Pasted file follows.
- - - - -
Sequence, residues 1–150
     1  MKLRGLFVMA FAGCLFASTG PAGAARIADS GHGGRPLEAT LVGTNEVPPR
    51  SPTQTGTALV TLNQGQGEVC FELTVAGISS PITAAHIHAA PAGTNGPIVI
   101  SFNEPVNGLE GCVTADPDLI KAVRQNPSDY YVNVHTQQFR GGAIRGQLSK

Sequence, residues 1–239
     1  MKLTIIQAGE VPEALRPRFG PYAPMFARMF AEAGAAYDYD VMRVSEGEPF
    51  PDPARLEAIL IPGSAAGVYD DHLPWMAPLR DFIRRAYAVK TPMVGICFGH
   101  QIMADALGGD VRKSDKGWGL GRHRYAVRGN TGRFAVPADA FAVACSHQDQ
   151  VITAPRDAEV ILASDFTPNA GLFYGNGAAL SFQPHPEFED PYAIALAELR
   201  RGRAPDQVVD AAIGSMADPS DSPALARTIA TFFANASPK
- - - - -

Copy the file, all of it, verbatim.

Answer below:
Sequence, residues 1–150
     1  MKLRGLFVMA FAGCLFASTG PAGAARIADS GHGGRPLEAT LVGTNEVPPR
    51  SPTQTGTALV TLNQGQGEVC FELTVAGISS PITAAHIHAA PAGTNGPIVI
   101  SFNEPVNGLE GCVTADPDLI KAVRQNPSDY YVNVHTQQFR GGAIRGQLSK

Sequence, residues 1–239
     1  MKLTIIQAGE VPEALRPRFG PYAPMFARMF AEAGAAYDYD VMRVSEGEPF
    51  PDPARLEAIL IPGSAAGVYD DHLPWMAPLR DFIRRAYAVK TPMVGICFGH
   101  QIMADALGGD VRKSDKGWGL GRHRYAVRGN TGRFAVPADA FAVACSHQDQ
   151  VITAPRDAEV ILASDFTPNA GLFYGNGAAL SFQPHPEFED PYAIALAELR
   201  RGRAPDQVVD AAIGSMADPS DSPALARTIA TFFANASPK